Duncan's Security Blog An enthusiasts musings


Session riding

I decided to make this post about web application session riding, known more formally as cross site request forgery, following a presentation about javascript malware done at one of the ISG Durban meetings. There are many ways in which a web application can be designed insecure, and much more ways in which to exploit them.

Web application security has a lot of followers, and their respective communities. One such community is OWASP. OWASP is an open source application security project, and their website is perhaps the most beneficial to anyone looking for a source of information about web security.

Vulnerabilities like XSS or SQL injection are widely used by attackers and security professionals alike, and are the most popular methods of attack. Session riding however, although not as popular, is used just as frequently.

Why is it such a threat?

Web applications do not determine whether a logged in users action is authorised or not, instead it trusts the web users instructions and considers requests as legitimate. A valid session is all that is required by the web application to confirm the validity of an action.

So how does it work?

The web uses the HTTP protocol to deliver information to the user. Every HTTP request made to the web server from the same source is taken as unrelated to any previous or future requests. Neglecting keepalive connections, this is the way a browser interacts with the web server. It is required in some circumstances that the web server remembers the previous requests, for example, when shopping online. This activity needs to be kept track of, and kept seperate to the activities of other users. As a result, cookies were brought in by developers to do just that.

Cookies are bits of information sent by the application on the server, to the user via HTTP response headers. The browsers are designed to remember these cookies. These cookies are then sent to the web pages that have the same application.

Sessions of different users are maintained by random and unique cookie strings, known as session tokens(or session IDs). The randomness and unpredictability of the session token guarantees that the server side application knows who it is communicating with.

The trouble comes in, when a web application only evaluates the origin and validity of actions solely based on a valid session token. A clever attacker only needs a pre-made URL doing the same action as the target web application, and then produce it to the user in a recognisable form, and hope that the user is logged into the legitimate web application at the time. This URL could be sent to the user in a number of ways, including via email. The valid session token would then be obtained by the attacker, and they could get access to the web application.

Such an attack could even disable a network. Say for instance on a home ADSL router. All these devices utilise the HTTP protocol to access the device control panel. Hijacking the session token would allow the attacker access to the network infrastructure, and could lead to network failure if the attacker changes settings(or perhaps they could even change all the passwords).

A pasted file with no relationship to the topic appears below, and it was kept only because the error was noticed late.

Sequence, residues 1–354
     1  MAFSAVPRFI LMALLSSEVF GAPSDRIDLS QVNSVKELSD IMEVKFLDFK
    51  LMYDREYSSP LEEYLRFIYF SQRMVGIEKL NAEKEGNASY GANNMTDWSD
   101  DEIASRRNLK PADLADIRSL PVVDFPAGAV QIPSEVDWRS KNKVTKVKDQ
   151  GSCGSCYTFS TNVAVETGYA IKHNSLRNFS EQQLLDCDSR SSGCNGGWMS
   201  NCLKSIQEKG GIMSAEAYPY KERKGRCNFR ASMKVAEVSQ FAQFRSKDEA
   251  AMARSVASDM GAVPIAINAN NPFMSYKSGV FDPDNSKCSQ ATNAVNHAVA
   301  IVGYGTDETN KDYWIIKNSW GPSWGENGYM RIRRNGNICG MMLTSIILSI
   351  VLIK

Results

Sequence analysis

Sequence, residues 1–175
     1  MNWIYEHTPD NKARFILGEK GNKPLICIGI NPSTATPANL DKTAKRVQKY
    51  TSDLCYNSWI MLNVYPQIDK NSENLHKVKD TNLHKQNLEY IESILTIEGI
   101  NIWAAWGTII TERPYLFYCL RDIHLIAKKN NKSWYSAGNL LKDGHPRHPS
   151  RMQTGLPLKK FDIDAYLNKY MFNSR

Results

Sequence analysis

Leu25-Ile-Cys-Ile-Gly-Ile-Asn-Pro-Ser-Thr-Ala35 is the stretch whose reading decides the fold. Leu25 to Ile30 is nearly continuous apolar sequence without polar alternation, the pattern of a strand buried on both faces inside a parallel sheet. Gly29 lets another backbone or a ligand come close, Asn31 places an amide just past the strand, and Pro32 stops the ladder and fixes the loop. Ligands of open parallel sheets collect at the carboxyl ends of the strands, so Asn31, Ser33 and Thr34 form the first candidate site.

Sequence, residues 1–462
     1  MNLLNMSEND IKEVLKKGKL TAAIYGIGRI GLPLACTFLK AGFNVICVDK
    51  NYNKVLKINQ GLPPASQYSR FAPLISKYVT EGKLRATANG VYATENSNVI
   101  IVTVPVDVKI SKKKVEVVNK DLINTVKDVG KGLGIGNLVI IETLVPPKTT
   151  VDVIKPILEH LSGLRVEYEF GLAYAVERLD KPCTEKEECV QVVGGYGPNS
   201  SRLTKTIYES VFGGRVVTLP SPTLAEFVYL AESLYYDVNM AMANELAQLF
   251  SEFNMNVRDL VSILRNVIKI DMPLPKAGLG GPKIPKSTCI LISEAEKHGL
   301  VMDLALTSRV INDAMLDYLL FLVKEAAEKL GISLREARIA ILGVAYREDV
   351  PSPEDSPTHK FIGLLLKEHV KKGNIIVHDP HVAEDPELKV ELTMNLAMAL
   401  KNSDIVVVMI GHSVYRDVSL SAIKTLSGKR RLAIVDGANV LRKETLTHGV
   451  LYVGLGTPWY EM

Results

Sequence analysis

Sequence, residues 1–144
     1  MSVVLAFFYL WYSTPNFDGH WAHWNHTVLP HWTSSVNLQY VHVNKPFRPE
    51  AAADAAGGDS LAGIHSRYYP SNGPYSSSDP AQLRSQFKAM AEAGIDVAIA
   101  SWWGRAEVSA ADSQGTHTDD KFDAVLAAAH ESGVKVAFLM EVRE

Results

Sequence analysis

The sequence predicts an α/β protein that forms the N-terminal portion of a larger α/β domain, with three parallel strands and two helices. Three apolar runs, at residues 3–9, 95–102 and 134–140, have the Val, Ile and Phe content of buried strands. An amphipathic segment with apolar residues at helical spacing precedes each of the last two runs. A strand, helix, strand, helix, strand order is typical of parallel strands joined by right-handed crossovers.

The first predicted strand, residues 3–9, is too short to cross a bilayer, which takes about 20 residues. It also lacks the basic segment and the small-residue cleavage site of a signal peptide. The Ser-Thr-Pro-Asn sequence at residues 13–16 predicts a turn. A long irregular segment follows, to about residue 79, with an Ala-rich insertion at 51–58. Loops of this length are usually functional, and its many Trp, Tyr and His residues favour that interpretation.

As more and more devices are using such interfaces, more and more session riding becomes possible. The sky is the limit, as they say. What the attacker really needs to know, is a clever way to deliver the prepared html or javascript to their targets browser (email is but one method). Even standard html tags can be used. For example, in an <img> tag one could display an image, and link it through to the desired URL. Or the URL could be opened in an <iframe> tag. Even <script> tags may be used. Links such as these can easily be displayed in web applications such as facebook, where every visitor could potentially click on it.

But it doesnt stop there

To make things worse, when session riding, the attacks are always performed from the victims IP address. Thus, according to the web server logs, everything seems to have been done by the victim.

Enough with the doom and gloom

There are, however, some limitation with session riding. If the web application checks the referrer header, the attack will fail, because the origin of the request is usually not the same as the target. However, very few web applications perform this check, and could still be unreliable if a proxy, web filtering software or other such "man in the middle" is being used.

So what measures can be taken to prevent such an attack?

The most common advice to web application developers would be adding a random challenge string to each request. This random string is tied with the user session, and is different for every new login, which prevents the attacker from fetching a valid session token. It is also good practice to provide a lease on the lifetime of a session, such that it expires after a defined period of time.

These measures, however, require the developers to do additional work to the application. In the event that the application is already complete; the redesign costs are not favourable(and would use up too many human resources), and thus the applications remain vulnerable.

On the client side, a user should be very careful as to what links they open, especially if the link has been provided in an email. Browser plugins such as noscript for firefox will also go a long way toward detecting such attacks, especially where javascript malware is concerned.